German Inflation Slows as Expected

Inflation in Europe’s largest economy decelerated more than forecast in March.

Consumer-price growth in Germany slowed to 1.5 percent from 2.2 percent the previous month, the Federal Statistical Office said on Thursday, marking the first weakening since August 2016. Economists had forecast inflation of 1.9 percent.

The decline partly reflects the timing of the Easter holiday, which was in March in 2016, and may be a precursor to softer euro-area numbers, which are due on Friday. Consumer-price growth in Spain also weakened more than expected in March, according to data published Thursday, with a slowdown to 2.1 percent from 3 percent last month.

Bloomberg

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Craig Erlam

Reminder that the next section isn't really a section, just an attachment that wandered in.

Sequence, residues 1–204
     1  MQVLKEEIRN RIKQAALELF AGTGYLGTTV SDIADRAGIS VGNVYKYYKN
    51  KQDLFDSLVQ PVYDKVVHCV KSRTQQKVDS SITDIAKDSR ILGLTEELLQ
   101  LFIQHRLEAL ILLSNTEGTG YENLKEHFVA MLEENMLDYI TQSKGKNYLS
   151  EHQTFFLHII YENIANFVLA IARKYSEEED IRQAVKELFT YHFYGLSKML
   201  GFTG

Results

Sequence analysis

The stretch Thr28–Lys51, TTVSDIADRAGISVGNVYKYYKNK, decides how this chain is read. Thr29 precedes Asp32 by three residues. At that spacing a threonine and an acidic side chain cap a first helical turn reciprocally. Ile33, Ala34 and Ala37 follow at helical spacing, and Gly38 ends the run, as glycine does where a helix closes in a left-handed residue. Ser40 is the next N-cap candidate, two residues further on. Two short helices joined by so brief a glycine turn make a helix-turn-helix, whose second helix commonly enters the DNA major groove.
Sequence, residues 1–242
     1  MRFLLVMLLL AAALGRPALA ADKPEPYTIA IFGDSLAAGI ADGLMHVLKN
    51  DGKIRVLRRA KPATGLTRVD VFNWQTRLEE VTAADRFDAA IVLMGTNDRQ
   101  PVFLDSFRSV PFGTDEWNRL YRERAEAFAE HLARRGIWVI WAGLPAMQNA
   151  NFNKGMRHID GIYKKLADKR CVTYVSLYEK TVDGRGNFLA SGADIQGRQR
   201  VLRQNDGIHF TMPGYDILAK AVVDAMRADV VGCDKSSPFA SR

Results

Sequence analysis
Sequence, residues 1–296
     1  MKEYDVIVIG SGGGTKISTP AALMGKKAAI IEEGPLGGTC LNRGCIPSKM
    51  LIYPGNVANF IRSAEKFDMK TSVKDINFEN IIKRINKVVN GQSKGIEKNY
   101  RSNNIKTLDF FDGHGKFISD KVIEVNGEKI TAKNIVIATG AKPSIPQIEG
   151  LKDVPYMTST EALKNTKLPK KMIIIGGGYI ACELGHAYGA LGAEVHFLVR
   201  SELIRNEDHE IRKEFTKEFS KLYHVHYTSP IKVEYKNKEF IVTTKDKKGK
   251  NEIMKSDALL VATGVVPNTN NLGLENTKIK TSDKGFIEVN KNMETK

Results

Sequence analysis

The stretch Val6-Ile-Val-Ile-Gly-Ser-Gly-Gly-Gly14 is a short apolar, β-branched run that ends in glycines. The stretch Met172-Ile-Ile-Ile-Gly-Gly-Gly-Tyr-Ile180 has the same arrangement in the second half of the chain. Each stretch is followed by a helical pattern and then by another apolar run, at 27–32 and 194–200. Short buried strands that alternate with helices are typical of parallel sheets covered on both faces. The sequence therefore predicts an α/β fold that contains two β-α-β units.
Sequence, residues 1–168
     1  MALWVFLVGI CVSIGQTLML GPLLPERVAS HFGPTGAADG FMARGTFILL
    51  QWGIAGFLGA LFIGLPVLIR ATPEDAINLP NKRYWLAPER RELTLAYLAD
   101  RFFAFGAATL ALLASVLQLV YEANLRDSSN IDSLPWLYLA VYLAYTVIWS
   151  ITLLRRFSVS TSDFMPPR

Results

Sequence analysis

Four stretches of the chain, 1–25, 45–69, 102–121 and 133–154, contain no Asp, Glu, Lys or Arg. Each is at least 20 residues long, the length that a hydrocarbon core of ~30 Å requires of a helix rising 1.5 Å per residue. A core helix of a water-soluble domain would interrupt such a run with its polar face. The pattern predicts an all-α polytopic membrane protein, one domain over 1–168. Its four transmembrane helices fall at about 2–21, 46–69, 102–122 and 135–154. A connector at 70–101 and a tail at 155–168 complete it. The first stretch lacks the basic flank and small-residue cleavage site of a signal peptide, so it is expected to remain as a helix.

Craig Erlam

Senior Currency Analyst at OANDA
Based in London, England, Craig Erlam joined OANDA in 2015 as a Market Analyst. With more than five years' experience as a financial market analyst and trader, he focuses on both fundamental and technical analysis while conducting macroeconomic commentary. He has been published by The Financial Times, Reuters, the Wall Street Journal and The Telegraph, and he also appears regularly as a guest commentator on networks including Sky News, Bloomberg, CNBC and BBC. Craig holds a full membership to the Society of Technical Analysts and he is recognized as a Certified Financial Technician by the International Federation of Technical Analysts.